Child and Adolescent Mental Health: Article first published online 9th NOV 2015
Excluded young people, especially those affected by street gangs, often have complex unmet needs and high levels of health and social inequalities. This paper outlines the development of Music & Change, an innovative and comprehensive intervention accessible to young people, which aimed to holistically meet the mental health and other needs of its participants and ultimately to reduce offending rates. Its central principle was coproduction and partnership with its potential users.
The setting was an inner-city housing estate; the core group of participants was 15 young people aged 16–22 years. The intervention used contemporary music skills (e.g. DJ-ing and lyric writing) and other coproduced project activities as a vehicle to build relationships with practitioners and address young people’s multiple needs. Data were gathered using a focused ethnography, largely from field notes, and analysed using thematic analysis in order to ascertain users’ perceptions of its delivery.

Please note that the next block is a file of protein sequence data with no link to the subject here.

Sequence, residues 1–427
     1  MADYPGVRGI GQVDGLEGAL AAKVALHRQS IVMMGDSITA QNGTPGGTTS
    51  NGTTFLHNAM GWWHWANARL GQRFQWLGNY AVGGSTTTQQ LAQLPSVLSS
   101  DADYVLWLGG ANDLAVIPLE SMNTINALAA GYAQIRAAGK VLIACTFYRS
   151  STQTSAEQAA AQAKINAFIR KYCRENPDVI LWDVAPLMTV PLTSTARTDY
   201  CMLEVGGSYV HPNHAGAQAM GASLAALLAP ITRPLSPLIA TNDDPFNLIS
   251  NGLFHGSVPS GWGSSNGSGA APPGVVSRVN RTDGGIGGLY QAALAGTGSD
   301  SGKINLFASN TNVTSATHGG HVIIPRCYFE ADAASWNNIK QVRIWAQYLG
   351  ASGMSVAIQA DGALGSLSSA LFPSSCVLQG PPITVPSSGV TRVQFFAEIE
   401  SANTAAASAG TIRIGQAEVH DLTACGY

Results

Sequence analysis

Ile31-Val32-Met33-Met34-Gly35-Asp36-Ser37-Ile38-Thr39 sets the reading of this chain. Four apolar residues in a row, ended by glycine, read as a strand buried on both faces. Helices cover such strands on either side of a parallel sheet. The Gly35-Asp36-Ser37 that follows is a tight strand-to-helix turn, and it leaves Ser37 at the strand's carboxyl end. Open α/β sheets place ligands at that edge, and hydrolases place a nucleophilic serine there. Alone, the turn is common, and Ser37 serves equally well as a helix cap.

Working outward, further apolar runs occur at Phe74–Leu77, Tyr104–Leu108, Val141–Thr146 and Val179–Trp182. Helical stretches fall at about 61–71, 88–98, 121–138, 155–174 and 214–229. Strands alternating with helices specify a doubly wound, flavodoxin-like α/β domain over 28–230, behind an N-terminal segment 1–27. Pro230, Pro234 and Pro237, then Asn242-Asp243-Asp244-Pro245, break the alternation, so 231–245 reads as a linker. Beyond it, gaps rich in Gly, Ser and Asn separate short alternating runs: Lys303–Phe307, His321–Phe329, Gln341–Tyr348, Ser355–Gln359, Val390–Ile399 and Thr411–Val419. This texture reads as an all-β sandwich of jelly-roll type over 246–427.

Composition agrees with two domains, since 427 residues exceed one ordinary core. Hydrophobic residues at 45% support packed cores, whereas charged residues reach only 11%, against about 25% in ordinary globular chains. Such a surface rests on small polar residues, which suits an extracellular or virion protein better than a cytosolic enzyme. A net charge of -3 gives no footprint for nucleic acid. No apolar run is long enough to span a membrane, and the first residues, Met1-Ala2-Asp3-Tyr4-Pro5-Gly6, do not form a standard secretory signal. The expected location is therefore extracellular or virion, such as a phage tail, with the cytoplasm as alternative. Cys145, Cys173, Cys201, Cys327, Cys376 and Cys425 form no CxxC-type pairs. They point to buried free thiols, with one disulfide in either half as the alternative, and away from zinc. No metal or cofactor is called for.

Young people identified six key principles of the intervention, such as the need for consistent relationships with trusted staff, mental health support to be wrapped round other youth-led activities and local service delivery within their safe territories.
Music & Change was valued by young people who do not easily engage with professionals and services. The findings led to the development of the ‘Integrate’ model, which is using these coproduced principles to underpin several new pilot projects that aim to address the health and social inequalities of excluded young people.